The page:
Nice lean start up example of “faking it until you make it”, or, in other words, using the people-power before you code it with software:
Anderson’s growth strategy is pretty clever. He has three overseas workers (in India) who will take any bookings made on the app and physically call the salon or restaurant on the user’s behalf, then email the user back to say if their appointment has been successful. This can be a little time consuming – I tried booking a hair appointment on the MyTime website and had to go back and forth to find a good time.
The overseas worker essentially plays two roles: a one-time personal assistant for me, and a sales person for MyTime. Once they have the salon on the phone to book an appointment, they mention that it came through MyTime, before adding, “Would you like us to create a free profile for our app, so we can connect to you calendar?”
It’s not only a good growth strategy, but it’s also a great way to understand the mindset of the businesses you’re working with, the eventual buyers of your software.
We're going to try something on a project we're kicking off here at work: "Agile" programming methodologies in the service of sticky business problems. We're not coders, but we're going to apply what we understand of the approach. We'll use "stories" to get our focus on the problems we need to crack for the marketers we work with, the stories we want to be able to tell when we've solved them. We'll have a list of these stories and work through them one at a time. We'll do that in quick (2 weeks), focused efforts (aka "sprints"). And, we'll if we don't get it right, we'll iterate through them again until we've got it right. We'll be focusing on "shipping", that is getting the project done and implemented. We'll focus less on the beauty of a comprehensive, centrally controlled process (ie. "waterfall), and more on getting working "software" (ie the tools and methods) into the hands of the teams we work with. Lastly, we're going to try to dramatically improve communication via "huddles" and may even try full team huddles to communicate with a much larger audience. The IT group will probably laugh at how we're doing it, but we're going to take a shot and get it right over time if the first efforts aren't spot on.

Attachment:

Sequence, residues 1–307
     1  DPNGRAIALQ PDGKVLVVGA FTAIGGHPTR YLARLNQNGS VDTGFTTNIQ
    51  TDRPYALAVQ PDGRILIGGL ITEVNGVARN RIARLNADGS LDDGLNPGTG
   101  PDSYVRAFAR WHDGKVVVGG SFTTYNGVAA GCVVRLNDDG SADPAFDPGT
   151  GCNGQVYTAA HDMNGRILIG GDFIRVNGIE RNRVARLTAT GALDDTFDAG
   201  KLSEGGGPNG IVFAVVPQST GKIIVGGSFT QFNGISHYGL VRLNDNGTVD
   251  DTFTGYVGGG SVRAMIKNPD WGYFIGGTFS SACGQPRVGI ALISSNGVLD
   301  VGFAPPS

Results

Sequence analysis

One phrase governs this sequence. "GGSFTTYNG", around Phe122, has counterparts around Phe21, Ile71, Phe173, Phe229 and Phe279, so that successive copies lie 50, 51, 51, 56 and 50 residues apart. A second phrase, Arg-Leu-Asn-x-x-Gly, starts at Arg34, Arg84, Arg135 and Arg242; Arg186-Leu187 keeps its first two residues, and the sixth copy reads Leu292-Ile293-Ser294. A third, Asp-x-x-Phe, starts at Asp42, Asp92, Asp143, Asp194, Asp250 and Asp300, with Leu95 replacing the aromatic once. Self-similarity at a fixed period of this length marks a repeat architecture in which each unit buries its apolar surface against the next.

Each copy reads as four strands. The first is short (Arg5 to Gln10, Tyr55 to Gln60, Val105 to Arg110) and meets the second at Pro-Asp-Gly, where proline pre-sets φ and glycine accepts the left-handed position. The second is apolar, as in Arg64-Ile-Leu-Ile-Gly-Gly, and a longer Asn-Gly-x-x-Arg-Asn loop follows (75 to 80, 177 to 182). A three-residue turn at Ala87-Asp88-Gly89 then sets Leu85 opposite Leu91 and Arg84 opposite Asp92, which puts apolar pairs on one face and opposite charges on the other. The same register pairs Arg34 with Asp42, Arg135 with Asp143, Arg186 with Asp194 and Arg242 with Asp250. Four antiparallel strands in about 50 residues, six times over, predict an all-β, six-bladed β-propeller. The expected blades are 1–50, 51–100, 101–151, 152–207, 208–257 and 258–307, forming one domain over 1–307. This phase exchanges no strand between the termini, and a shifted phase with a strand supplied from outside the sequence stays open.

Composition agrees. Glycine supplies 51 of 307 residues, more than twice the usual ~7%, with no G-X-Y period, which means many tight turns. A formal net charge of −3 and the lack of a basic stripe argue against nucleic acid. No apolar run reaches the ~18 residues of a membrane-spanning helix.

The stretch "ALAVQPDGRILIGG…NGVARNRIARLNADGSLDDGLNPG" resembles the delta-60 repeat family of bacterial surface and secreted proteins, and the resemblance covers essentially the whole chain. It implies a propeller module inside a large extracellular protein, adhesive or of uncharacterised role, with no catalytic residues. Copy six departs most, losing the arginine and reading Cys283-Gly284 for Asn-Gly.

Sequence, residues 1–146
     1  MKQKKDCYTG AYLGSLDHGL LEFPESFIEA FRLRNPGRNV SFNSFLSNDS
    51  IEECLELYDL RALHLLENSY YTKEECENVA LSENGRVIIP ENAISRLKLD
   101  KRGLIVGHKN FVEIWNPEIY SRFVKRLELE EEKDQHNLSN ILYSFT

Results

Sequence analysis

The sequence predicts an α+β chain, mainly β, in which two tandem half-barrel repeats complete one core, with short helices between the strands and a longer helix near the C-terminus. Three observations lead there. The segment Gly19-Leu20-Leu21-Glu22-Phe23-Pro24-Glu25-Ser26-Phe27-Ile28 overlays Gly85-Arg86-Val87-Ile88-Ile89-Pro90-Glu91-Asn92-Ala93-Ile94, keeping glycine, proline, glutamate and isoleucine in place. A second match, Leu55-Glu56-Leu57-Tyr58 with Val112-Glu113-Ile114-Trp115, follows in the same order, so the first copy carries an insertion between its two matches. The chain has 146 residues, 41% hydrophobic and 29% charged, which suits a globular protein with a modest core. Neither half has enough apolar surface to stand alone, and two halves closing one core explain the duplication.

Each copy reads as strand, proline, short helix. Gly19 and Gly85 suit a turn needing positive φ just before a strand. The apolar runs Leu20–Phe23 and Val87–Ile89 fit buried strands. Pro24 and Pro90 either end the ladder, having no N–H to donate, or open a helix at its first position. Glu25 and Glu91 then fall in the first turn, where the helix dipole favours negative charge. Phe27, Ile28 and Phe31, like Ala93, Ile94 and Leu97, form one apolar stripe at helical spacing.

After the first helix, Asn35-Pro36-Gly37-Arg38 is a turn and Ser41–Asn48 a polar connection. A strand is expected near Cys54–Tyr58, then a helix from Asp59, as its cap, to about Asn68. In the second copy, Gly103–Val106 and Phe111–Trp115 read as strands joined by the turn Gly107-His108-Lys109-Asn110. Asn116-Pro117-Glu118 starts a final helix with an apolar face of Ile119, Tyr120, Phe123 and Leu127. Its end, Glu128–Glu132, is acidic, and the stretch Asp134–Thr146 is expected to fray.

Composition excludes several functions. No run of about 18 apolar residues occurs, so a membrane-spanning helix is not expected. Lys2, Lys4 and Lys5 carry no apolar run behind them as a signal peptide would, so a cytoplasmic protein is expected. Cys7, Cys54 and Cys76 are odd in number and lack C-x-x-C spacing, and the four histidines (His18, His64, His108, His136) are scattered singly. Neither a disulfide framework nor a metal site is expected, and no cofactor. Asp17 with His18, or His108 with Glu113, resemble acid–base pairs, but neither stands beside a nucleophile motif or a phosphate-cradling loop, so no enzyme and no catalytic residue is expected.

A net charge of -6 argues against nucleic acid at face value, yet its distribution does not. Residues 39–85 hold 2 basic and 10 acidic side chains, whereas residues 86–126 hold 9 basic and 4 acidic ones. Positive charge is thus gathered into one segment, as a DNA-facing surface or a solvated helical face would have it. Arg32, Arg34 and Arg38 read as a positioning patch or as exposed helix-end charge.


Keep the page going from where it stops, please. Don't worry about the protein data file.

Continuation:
Any suggestions on how to apply agile programming methods to a non-programming problem?
Updated: 8:30 PM
Lots of good suggestions from folks around the web. For sure, check out Rohn J Millers post on the subject from last year. Lot's of good ideas in there. And, here's a pretty good overview from PJ Shrivasta. Finally, i look forward to re-reading Greg Meyers Agile Marketing Manifesto in a couple months to see how we're doing.